It all began with her 2010 TED Talk that has had over six million views (and counting) where she advocated for women to take charge of their careers by ‘sitting at the table’ and take risks to have it all (I know that this ‘having it all’ point is highly debatable, but shall we leave this for another blog post shall we?). Sheryl Sandberg, in her book Lean In that resulted from that talk…
Don’t wait for power to be offered. Like that tiara, it might never materialize. And, anyway, who wears a tiara on a jungle gym?
It all began with her 2010 TED Talk that has had over six million views (and counting) where she advocated for women to take charge of their careers by ‘sitting at the table’ and take risks to have it all (I know that this ‘having it all’ point is highly debatable, but shall we leave this for another blog post shall we?). Sheryl Sandberg, in her book Lean In that resulted from that talk, tries to erase the negative effects of Disneyfication by calling on women to heal themselves of the tiara syndrome. Those of us who grew up in the 1990s watching the Disney princesses seem to have carried the notion that when the time is right, your fairy godmother or Prince Charming will always save the day into adulthood and even our professional lives.
In a perfect meritocracy, women expect that as long they work hard and play by all the rules, they will be rewarded. Truth be told, careers today are simply jungle gyms. They are neither linear nor have safety nets. Women have to position themselves in places where they will able to participate in negotiating and decision making. The affirmative action card has been played for far too long and women need to claim their rightful place in the C-suite by earning it.
Sheryl calls on women to be able to take stretch assignments that will differentiate from the rest of the pack and diversify their expertise. However, women are not likely to do the extra work because they feel that they may not rise to the occasion. The imposter syndrome makes a woman feels fraudulent even though she is very capable and qualified to perform tasks at hand. This form of self-doubt coupled with gender stereotypes has paralysed women into staying within their comfort zone, not exploring what they have to offer themselves and the rest of humanity. This can only be remedied by taking risks. Calculated risks. Women should set their bars high and strategically manoeuvre the career jungle gym with the right people to helping them along the way.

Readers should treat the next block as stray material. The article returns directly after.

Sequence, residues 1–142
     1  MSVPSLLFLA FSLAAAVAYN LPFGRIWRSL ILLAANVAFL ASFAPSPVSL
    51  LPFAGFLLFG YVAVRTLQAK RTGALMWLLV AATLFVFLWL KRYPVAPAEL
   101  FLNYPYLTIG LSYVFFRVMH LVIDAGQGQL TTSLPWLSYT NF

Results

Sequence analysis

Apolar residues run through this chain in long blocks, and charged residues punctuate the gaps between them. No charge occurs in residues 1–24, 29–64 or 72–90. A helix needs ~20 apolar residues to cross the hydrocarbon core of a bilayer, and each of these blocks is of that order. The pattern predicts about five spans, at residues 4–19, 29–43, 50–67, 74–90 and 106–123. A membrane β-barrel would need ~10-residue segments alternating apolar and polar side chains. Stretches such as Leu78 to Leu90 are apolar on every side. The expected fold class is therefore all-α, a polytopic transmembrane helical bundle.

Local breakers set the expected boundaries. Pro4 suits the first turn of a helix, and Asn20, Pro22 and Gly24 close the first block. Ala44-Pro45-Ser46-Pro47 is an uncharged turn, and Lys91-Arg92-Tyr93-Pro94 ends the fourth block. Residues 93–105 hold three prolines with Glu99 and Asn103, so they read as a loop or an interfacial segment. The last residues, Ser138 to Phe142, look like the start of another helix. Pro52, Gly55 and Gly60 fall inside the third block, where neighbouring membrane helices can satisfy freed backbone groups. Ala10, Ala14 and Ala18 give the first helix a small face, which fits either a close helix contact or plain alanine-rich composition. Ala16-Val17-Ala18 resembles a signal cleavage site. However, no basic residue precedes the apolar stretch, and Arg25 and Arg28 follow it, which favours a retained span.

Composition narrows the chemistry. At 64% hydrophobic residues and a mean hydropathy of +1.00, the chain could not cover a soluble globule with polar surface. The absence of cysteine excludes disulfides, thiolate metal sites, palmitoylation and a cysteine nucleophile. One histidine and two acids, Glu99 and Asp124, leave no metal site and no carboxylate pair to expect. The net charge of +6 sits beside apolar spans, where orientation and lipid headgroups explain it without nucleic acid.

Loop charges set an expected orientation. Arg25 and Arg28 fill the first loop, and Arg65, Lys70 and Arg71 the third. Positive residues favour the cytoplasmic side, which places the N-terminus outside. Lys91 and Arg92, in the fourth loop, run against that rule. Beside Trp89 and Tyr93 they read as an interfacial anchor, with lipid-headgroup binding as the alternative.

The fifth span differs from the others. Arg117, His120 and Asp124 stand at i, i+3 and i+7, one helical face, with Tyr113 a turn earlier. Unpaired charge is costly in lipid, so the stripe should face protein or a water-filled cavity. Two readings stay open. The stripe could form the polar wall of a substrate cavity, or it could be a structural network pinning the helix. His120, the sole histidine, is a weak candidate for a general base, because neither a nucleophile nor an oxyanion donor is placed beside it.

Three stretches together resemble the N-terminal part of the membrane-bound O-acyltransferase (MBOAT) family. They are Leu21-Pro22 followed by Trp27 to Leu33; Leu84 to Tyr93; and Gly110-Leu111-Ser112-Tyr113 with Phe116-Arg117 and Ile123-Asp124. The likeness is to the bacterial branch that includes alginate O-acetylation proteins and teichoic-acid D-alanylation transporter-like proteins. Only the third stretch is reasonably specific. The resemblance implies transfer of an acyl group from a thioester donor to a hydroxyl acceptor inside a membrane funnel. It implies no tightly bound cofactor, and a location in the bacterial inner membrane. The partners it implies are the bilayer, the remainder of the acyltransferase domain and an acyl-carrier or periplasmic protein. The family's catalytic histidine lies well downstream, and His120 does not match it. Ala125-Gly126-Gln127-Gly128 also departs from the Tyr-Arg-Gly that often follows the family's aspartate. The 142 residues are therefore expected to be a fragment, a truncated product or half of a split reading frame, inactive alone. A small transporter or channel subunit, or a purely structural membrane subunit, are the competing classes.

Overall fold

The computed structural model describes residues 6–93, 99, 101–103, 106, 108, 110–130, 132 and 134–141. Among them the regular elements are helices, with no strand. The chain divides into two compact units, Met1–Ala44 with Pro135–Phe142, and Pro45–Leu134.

Numerous blog posts and books have preached the importance of mentorship, sponsorship and coaching in career development. The author expresses her disappointment about a time when she attended a talk where the male attendees asked her intelligent questions about the topic of discussion and her own career while one of the ladies asked how she could get a mentor. To ease the pressure from prospective mentors and protégés, we need to change our advice from “Get a mentor and you will excel” to “Excel and you will get a mentor”. The mentee can capture the mentor’s attention or imagination by ensuring that their encounter is tailored to meet both their needs. The mentee should be specific in the kind of assistance that he or she requires without inconveniencing the mentor.
Sheryl advocates for building “natural” relationships with people that you admire or remind you of your younger self. However, mentoring becomes complicated when a mentor is a man and the protégé, a woman. She cites how she handled a personal incident and how other male executives have tried to mentor (younger) female employees without raising eyebrows. Reader beware, mentors are not your therapists. Very few executives with their high-strung careers have the time to hold your hand as you go through your emotionally charged career. Seek their input on well-thought out specific problems and not your personal dramas.
Part of sitting at the table involves mastering the art of negotiation. Sandberg says that when negotiating for that promotion or salary raise or the opportunity of a lifetime, women need to “think personally, act communally.” Most of the time , women tend to think about the common good at the expense of their own desires and thus end up being unhappy. Sure, it is good to put in the extra hours in order to meet a particular target but one should not put their advanced degree on hold just because they are “indispensable”. In these harsh economic times, even the very best are shown the door by employers whom they thought they had hired them for life. Know when to take one for the team and when to be selfish.
Lean in offers advice on how to make your significant other a real partner in a bid to juggle private and public roles. Sheryl also shares about her work dynamics with Mark Zuckerberg and her experience working for the greatest organisations in the world.
This is not one of your typical self-help books that offer a step by step guide on how to deal with problem XYZ. Sheryl has reinforced all her ideas and experiences with research and statistics that bring out her core message of women being more proactive in the proactive in their life choices. For instance, the Heidi/Howard case study blatantly demonstrated how as human being we correlate gender stereotypes, success and likeability. She links the research findings to when she had her first performance review with Mark, who in turn advised her ‘’If you please everyone, then you are not making enough progress’’.
Lean in make the reader reflects on how the various statistics presented in the book skew in their own context. This business book is not just for the professed feminists who want to achieve world domination (in their particular fields) but also for the men who want to empower the important women in their lives.
Available in Kenya:
Lean In for Graduates (Expanded Version): Text Book Centre
Photo credit: Goodreads.